When airlines can’t find volunteers and still have more passengers than seats, they need to involuntarily deny people boarding. Every airline has a clause in their contract of carriage allowing them to do this. Furthermore, airlines all have procedures they use for determining who gets bumped. Some airlines bump the people who don’t have seat assignments. Other airlines decide based on who checked in last. Others decide based on status and the booking class you have.

Do note that the number of passengers being involuntarily denied boarding was at a 20 year low in 2016. Out of roughly 660 million passengers last year, only 40,000 were involuntarily denied boarding, which is roughly 0.6 involuntary denied boardings per 10,000 seats.

If you’re involuntarily denied boarding, the Department of Transportation regulates what you’re entitled to. Here are the rules, as published by the DOT:

  • If you are bumped involuntarily and the airline arranges substitute transportation that is scheduled to get you to your final destination (including later connections) within one hour of your original scheduled arrival time, there is no compensation.
  • If the airline arranges substitute transportation that is scheduled to arrive at your destination between one and two hours after your original arrival time (between one and four hours on international flights), the airline must pay you an amount equal to 200% of your one-way fare to your final destination that day, with a $675 maximum.
  • If the substitute transportation is scheduled to get you to your destination more than two hours later (four hours internationally), or if the airline does not make any substitute travel arrangements for you, the compensation doubles (400% of your one-way fare, $1350 maximum).
  • If your ticket does not show a fare (for example, a frequent-flyer award ticket or a ticket issued by a consolidator), your denied boarding compensation is based on the lowest cash, check or credit card payment charged for a ticket in the same class of service (e.g., coach, first class) on that flight.
  • You always get to keep your original ticket and use it on another flight. If you choose to make your own arrangements, you can request an “involuntary refund” for the ticket for the flight you were bumped from. The denied boarding compensation is essentially a payment for your inconvenience.
  • If you paid for optional services on your original flight (e.g., seat selection, checked baggage) and you did not receive those services on your substitute flight or were required to pay a second time, the airline that bumped you must refund those payments to you.

As you can see, in many cases you’re entitled to a sizable cash payment, up to $1,350. However, here’s the dirty secret of the airlines. In a vast majority of cases they’ll only offer cash compensation if you specifically ask for it. Otherwise they’ll offer you the same voucher they gave anyone who was voluntarily denied boarding.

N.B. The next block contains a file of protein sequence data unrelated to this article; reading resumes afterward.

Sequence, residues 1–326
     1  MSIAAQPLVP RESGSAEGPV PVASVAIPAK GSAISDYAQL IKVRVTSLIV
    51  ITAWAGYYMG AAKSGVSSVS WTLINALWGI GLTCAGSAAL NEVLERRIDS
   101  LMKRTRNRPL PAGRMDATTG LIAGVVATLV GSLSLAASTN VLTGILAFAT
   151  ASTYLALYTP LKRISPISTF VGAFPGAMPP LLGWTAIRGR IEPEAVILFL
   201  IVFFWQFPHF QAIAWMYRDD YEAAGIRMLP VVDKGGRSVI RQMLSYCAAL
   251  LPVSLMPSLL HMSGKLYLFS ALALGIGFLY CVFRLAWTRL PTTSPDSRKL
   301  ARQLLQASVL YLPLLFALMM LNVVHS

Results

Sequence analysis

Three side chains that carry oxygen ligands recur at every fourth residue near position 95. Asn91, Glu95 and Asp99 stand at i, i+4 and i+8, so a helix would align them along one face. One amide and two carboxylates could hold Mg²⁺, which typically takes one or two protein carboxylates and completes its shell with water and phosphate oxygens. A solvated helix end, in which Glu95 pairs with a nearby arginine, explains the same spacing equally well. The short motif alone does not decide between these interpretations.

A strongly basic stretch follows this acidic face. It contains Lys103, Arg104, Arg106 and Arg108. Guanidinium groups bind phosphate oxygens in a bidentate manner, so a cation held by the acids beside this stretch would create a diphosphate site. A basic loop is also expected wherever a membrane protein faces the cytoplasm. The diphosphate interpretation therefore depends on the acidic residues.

Note, however, that none of this involves taking people who have already been seated off of the plane. That’s because bumping doesn’t work that way, and also because the United flight in question wasn’t overbooked, as discussed below. Continue reading

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A Definitive Tome About Pit Bulls, Which The Breed Bigots Will Ignore, Naturally

“I’m just a dog, sitting in front of a human, asking him to love her.”

Among the posts on Ethics Alarms that still get comments regularly long after they were written is the 2015 designation of Dogsbite.org as an Unethical Website of the Month. That site is a pit bull hate nest, notable for its bad science, bad history, bad logic and hysteria. Even though the Ethics Alarms post and previous ones here explain in  detail why the propaganda on Dogsbite.org is wrong, makes so sense, is pure fearmongering  and does terrible harm, people keep writing in to Ethics Alarms, citing the same false statistics, the same debunked facts, and the same lies that too many municipalities have used to ban many dog breeds and mixes, essentially for looking like what people think are pit bulls. I don’t know that there is any other topic where the commenters are so immune to fairness and reason.

Well, other than the President, of course.

Now  award-winning journalist Bronwen Dickey has written  Pit Bull: The Battle Over an American Icon , which just came out in paperback on April 4. Her goal was to take as objective and analytical look at the breed (and breeds) as possible, using genetic science, research, expert testimony and reliable data, neither sentimentalizing the dogs nor demonizing them. Dickey’s  conclusion, already obvious to anyone who has had prolonged or extensive contact with them: Pit bulls are just dogs.

The author was recently interviewed in New York Magazine, which couldn’t resist adding a misleading title to the feature: “How Both Sides of the Pit Bull Debate Get It Wrong.” Talk about false equivalency: one “side” believes the dogs are demonic killers that should be wiped off the face of the earth, and the other mistakenly says they were “Nanny dogs,” when they were just called “the Nanny Dog.” See? Both ides are wrong!

There are no sides. Pit bull phobics are driven by fear and ignorance, while those who understand dogs try to mitigate the harm their lies do to families and animals

Bronwen Dickey would be in the latter category. I note that she owns a pit bull. She knows what she’s writing about. The hysterics will say she’s biased.

Tidbits from the interview, in which she comments on some of her findings… Continue reading